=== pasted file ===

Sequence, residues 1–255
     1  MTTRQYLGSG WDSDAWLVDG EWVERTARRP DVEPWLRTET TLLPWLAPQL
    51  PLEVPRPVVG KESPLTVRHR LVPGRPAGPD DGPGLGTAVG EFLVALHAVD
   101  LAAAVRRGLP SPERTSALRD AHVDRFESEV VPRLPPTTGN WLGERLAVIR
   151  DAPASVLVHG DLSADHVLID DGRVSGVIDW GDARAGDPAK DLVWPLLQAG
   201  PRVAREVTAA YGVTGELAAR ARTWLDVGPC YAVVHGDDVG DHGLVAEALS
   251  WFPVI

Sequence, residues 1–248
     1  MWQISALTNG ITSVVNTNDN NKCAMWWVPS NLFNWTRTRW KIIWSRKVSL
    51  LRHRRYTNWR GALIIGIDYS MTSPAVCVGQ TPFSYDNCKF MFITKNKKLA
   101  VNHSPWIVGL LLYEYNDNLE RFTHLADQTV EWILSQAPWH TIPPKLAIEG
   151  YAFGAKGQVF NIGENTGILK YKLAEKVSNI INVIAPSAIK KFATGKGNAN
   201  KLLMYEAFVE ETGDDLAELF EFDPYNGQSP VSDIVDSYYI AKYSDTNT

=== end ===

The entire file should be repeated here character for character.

Sequence, residues 1–255
     1  MTTRQYLGSG WDSDAWLVDG EWVERTARRP DVEPWLRTET TLLPWLAPQL
    51  PLEVPRPVVG KESPLTVRHR LVPGRPAGPD DGPGLGTAVG EFLVALHAVD
   101  LAAAVRRGLP SPERTSALRD AHVDRFESEV VPRLPPTTGN WLGERLAVIR
   151  DAPASVLVHG DLSADHVLID DGRVSGVIDW GDARAGDPAK DLVWPLLQAG
   201  PRVAREVTAA YGVTGELAAR ARTWLDVGPC YAVVHGDDVG DHGLVAEALS
   251  WFPVI

Sequence, residues 1–248
     1  MWQISALTNG ITSVVNTNDN NKCAMWWVPS NLFNWTRTRW KIIWSRKVSL
    51  LRHRRYTNWR GALIIGIDYS MTSPAVCVGQ TPFSYDNCKF MFITKNKKLA
   101  VNHSPWIVGL LLYEYNDNLE RFTHLADQTV EWILSQAPWH TIPPKLAIEG
   151  YAFGAKGQVF NIGENTGILK YKLAEKVSNI INVIAPSAIK KFATGKGNAN
   201  KLLMYEAFVE ETGDDLAELF EFDPYNGQSP VSDIVDSYYI AKYSDTNT